One assertion few would argue with is that the Tea Party has utterly failed to manage its own brand. There are reasons for this, principal among them the fact that the Tea Party is not and has never been monolithic. That made it susceptible to the hijacking of its brand by so-called “national” Tea Party groups who in some cases have been little more than talking heads on television or worse yet, fronts for political consultants enabling them to tap the financial resources of unsuspecting conservative donors.

Tea Party Express and FreedomWorks spent the last four years making millions for its leadership, but failing to strengthen the movement as a whole. While Dick Armey and other DC-centric personalities made a fortune capitalizing on the movement, they squandered a chance to help build an enduring, permanent legacy. In fact, they did just the opposite.

Then there are the groups like the Tea Party Fire Ants whose focus is far afield from the core principles of the movement.  As a result the Tea Party is now often associated with fringe or unelectable candidates, social issues and money-grubbing political insiders.

There is no such thing as a pro-life Tea Party group. There’s no such thing as an anti-gay marriage Tea Party group or a “Birther” Tea Party group. Those issues are not Tea Party issues. Oh and by the way, the guy on Fox News who says he speaks for the Tea Party is likely the guy in Washington who is hanging close by the studio.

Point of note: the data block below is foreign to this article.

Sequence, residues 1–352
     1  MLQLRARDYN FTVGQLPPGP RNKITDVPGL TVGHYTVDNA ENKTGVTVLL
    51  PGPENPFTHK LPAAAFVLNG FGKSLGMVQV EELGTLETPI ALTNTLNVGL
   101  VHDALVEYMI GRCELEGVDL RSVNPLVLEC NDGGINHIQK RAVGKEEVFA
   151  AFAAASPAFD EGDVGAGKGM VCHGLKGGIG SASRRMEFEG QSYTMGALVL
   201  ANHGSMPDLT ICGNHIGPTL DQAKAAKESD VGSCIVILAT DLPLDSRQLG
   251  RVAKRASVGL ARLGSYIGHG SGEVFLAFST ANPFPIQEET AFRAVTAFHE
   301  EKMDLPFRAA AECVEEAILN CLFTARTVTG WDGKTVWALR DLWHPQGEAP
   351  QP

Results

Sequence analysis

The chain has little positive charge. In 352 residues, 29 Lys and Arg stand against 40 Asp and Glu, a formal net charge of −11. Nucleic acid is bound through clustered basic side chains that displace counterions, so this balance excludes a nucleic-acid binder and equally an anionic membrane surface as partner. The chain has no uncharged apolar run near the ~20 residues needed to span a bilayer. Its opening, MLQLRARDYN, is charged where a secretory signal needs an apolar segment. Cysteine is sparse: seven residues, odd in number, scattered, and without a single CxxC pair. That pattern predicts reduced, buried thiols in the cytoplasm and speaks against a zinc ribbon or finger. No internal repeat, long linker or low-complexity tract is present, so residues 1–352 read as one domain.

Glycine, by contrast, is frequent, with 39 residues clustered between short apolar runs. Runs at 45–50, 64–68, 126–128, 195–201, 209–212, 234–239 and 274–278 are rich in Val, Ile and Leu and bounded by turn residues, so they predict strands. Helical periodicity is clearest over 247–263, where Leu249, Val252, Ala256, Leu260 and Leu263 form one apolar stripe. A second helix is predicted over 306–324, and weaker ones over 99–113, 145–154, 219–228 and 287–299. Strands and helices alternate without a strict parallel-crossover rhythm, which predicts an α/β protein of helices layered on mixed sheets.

Politics isn’t about purity. I understand that. Unfortunately, the people, who often purport to represent the Tea Party, simply don’t.

Recently Former Mississippi Governor Haley Barbour told a group of Congressional staffers essentially that purity in politics leads to defeat. It’s unity that prevails. He’s right. The Tea Party simply hasn’t had unity of purpose and has instead allowed its simple, straightforward message to be clouded by those who would co-opt the movement or drive negative perceptions.

It’s simple. You know you have a virtually insurmountable brand problem when the majority of the American people favor your core tenets – fiscal responsibility, smaller government, lower taxes, pro-growth policies, protecting the free market, debt reduction, deficit reduction and local control – but less than 30% view your movement favorably. Even more damning, only 8% in a recent survey identified themselves as a member of the movement.

If proponents of smaller government, lower taxes, a vibrant private sector and Constitutional freedom permit themselves to be defined by small groups of radicals then the Tea Party will become a truly toxic force. It will be a label shunned by politicians and rejected by the ordinary Americans who have always been the backbone of the movement.